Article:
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Php 5.5 Deprecates Mysql_ Functions

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Pretty soon, all the mysql_ functions that we have been using in PHP scripts could go the way of the dinosaur. Well, not literally, because there are still some PHP scripts out there that are dependent on PHP 4 so some web hosting providers still provide PHP 4 hosting. Also, we hardly have anyone running PHP 5.5 so it could be at least a few months before we are going to have to worry about getting all of our scripts updated.Now that the mysql_ functions are deprecated, what next? MySQLi and PDO_MySQL are the answer. MySQLi provides some pretty nifty features, such as being able to send multiple SQL statements to the server in one go, thus reducing the overhead of going back and forth for the execution of SQL statements, which was associated with the older MySQL API. PDO has the advantage of being able to write database-independent code, assuming that the SQL statements themselves were written with portability in mind. Both APIs are the future for PHP web developers, so what better a time to start learning than right now?

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yes this is a sad news for me, i have just searched some of my scripts and found that nearly in every single php file i have 2 mysql commands in average and this means if i have to upgrade my php then i will have serious problem with these deprected functions, by the way mysqli commands are quite good for many works.there is only one problem, i have read many times that mysqli commands should bring down cpu usage, so i have changed one of my scripts and changed all of mysql commands to mysqli commands , then i put them on my vps to see the result but after a week there is no change in server load or memory usage, i should say that the script only uses mysql for a simple login logout functionality and nothing else so maybe if i use it for a more dynamic script like CMS or forum softwares i can see differences but for a simple script i saw no difference at all !i've just checked some of my hosts php version, most of them are 5.3.x and so i don't get a warning about deprecated functions but if you run a php 5.5.x you will get warnings about those functions being deprecated, but they are still there and i think they will be removed completely from php some versions later like 5.8.x or so because removing a most used function of php will cause many scripts to stop working and that needs lots of time to inform all people about it.about PDO it seems that there is no advantage for you if you are using mysql below 4.1 (or at least this is what i have read somewhere) , the documents about this approach is still limited on the internet and it is hard to say what is the difference between pdo_mysql and mysqli, in some disscussions on the net like this : http://stackoverflow.com/questions/1408968/pdo-mysql-vs-mysqli-when-using-zend-db people say there should be a little difference or no at all in performance between these two but some other say they have found pdo_mysql to be faster than mysqli, anyway i will still stick to my mysql commands because they are fast enough for my work and if sometime i changed my php from 5.3.x to 5.5.x or later version i will also change my mysql commands to mysqli.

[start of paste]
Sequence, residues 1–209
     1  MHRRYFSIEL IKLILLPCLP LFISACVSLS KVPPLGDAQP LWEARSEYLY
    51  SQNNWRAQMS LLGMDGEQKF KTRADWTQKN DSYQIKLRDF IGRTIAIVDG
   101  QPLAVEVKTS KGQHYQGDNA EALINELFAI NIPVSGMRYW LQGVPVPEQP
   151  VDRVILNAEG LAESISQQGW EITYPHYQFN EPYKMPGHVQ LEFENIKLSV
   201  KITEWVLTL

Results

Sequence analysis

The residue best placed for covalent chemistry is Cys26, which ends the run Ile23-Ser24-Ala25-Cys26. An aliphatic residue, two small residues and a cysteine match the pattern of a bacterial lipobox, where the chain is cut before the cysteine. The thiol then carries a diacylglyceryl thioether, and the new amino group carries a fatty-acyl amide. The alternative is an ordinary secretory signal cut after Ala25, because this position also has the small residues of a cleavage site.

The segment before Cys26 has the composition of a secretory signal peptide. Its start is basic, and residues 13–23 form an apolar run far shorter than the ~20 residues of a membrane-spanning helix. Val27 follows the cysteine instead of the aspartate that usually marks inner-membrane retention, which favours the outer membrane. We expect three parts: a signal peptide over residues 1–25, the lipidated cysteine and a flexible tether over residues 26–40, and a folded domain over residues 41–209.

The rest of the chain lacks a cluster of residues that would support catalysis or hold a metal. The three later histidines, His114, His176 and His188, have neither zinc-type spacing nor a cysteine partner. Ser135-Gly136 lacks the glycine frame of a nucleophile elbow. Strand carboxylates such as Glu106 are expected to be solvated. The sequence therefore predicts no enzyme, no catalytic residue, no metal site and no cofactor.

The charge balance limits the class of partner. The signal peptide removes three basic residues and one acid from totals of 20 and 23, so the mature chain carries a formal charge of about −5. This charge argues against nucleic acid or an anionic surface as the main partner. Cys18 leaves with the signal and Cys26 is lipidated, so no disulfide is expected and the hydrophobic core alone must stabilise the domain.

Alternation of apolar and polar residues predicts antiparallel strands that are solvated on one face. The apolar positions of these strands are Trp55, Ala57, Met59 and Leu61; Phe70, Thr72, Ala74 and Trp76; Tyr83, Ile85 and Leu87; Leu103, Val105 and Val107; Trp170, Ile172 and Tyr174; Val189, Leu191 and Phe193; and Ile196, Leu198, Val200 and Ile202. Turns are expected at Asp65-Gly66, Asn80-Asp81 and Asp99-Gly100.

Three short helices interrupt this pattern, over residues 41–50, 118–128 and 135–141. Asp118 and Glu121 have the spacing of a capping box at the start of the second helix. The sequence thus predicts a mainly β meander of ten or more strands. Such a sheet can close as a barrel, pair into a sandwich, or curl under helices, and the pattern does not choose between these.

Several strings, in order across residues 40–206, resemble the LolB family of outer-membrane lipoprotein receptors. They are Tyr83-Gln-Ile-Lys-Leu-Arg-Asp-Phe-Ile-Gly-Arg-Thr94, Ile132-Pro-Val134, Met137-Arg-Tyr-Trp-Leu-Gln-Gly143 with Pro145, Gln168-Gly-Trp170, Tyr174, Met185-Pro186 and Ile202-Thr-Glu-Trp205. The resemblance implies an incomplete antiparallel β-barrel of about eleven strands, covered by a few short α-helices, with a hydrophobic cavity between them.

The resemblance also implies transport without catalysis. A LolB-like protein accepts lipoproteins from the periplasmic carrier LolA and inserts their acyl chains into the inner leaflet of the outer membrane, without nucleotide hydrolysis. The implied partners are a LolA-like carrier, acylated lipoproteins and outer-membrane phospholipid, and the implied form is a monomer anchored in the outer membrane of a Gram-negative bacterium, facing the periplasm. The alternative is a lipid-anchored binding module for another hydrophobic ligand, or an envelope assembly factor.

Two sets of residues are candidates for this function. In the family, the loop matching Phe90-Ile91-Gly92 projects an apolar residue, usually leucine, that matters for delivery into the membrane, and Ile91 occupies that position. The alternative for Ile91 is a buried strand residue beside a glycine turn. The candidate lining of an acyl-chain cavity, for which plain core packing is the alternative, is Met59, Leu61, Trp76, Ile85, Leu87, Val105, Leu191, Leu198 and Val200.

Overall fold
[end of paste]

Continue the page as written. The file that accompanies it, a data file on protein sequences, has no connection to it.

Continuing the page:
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You would be better off learning and using the newer MYSQLi commands as soon as possible.The older commands were deprecated for a reason and once they are deemed as deprecated, they could be dropped at any future version of MySql.Besides, it is way cooler to be using current stuff. LOL

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Lucky for me, I'm just recently starting on a new project. I was using mysql for everything when I was learning, but I'm moving over to PDO for the new project because it's seen as being more mainstream as of lately.